Q. What are your main impressions of Hackney?

SK. Over the years it’s been a grey dull, physically a grey, dull place, very run down place. A lot of poverty and I’ve learned a lot of that through my work. It is annoying the amount of poverty that is in Hackney. I think the council, I know the council have had their problems and haven’t been very efficient; and I know that through my work over the last nine years; but they are coming forward in leaps and bounds, they really are.

I can see by big changes over the last nine years; because I deal sometimes with people who become victims of crime who are extremely vulnerable. Nine years ago it made no difference, you could plead from morning to night on their behalf; from housing departments; whatever and basically you would get the brush off with, Oh, we’ve got thousands of those sort of problems.” But nowadays I think you will get a much more sympathetic hearing and you will actually get somewhere, you will get help.

I think a lot of the services, it is not just the council, it’s the D.S.S. [Department of Social Security] it is all sorts of other things, a lot of them are improving; they are becoming a lot more user friendly. I think, I’m fairly optimistic about the way things are going in Hackney.

Q. Would you stay here?

SK. Ideally I would go back to Ireland if I had a good job, I’d go back tomorrow morning, if I had a good job. Much as I love the job I am in I would go back tomorrow morning, but I’ve got to be realistic and say it’s not what’s going to happen. So for the moment I am here, I don’t know if I will stay in Hackney for the rest of my life, I don’t think I will. I don’t even know how long I’ll stay in the job I’m in. I’ll certainly stay a few more years and then I’ll think about something else perhaps; but at the moment I’m still enjoying it.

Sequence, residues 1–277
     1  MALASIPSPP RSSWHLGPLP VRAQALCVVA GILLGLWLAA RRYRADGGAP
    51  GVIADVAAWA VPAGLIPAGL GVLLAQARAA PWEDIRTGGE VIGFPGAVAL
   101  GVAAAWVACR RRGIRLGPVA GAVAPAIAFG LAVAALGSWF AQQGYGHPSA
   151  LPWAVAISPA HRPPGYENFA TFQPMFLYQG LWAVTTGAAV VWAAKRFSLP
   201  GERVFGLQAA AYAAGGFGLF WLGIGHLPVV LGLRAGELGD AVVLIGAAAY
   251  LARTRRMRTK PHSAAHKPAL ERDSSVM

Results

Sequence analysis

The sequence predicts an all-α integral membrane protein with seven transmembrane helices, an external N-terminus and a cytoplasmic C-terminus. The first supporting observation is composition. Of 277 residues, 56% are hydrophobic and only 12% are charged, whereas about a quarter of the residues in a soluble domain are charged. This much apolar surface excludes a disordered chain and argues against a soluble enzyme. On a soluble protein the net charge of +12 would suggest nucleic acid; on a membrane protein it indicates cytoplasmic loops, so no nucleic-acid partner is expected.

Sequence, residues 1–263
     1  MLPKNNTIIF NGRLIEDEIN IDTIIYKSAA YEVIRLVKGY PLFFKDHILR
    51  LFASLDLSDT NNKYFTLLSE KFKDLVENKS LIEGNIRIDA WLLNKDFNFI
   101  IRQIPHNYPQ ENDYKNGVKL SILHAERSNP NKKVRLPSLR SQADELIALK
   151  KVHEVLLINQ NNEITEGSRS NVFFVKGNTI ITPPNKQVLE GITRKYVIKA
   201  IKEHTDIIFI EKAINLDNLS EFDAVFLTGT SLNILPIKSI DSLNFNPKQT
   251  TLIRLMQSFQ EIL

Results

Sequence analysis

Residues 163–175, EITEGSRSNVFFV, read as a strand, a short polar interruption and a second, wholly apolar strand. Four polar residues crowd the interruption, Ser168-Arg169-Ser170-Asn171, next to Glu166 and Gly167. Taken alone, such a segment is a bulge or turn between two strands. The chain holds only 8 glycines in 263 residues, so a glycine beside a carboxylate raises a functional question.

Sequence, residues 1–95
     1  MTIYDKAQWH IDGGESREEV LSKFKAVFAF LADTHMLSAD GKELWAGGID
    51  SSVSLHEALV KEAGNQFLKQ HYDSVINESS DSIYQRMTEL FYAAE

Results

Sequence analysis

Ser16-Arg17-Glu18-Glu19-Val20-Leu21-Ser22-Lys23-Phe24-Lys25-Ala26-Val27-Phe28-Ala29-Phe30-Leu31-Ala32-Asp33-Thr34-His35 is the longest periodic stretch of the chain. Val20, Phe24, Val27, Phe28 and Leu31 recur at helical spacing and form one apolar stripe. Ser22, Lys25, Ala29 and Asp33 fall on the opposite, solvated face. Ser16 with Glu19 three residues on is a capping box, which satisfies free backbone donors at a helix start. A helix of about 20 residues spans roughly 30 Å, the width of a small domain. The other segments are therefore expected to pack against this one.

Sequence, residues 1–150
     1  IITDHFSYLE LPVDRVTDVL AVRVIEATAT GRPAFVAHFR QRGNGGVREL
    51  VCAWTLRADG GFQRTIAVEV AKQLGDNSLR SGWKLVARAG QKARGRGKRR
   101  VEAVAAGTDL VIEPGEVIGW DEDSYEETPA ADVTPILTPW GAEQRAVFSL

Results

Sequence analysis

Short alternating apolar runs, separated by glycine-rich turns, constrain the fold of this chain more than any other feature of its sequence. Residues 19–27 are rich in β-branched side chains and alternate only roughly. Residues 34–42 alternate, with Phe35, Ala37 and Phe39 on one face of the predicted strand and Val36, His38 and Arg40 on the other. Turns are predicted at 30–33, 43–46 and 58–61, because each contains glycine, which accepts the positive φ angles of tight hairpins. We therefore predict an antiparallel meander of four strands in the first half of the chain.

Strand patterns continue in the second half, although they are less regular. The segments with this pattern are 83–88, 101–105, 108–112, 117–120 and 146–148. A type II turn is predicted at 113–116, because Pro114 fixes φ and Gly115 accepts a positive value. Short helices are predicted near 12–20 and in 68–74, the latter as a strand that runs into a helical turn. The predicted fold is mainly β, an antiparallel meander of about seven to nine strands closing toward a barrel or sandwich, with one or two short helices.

There’s been times when I didn’t, when problems, lots of problems and there seemed to be little help from anywhere, and I did feel weighed down from time to time but at the moment things are going fairly well. So I’m quite happy.

Q. So you say you’d go back tomorrow, so what is it that you really miss? Put your finger on what you really miss?

SK. I think probably the thing I miss most is the sort of community spirit at home; and I think in the time, I actually came here, came to Britain, in November ‘76, so I’m not far off twenty years being here, and I cannot believe the way things have developed at home in that time.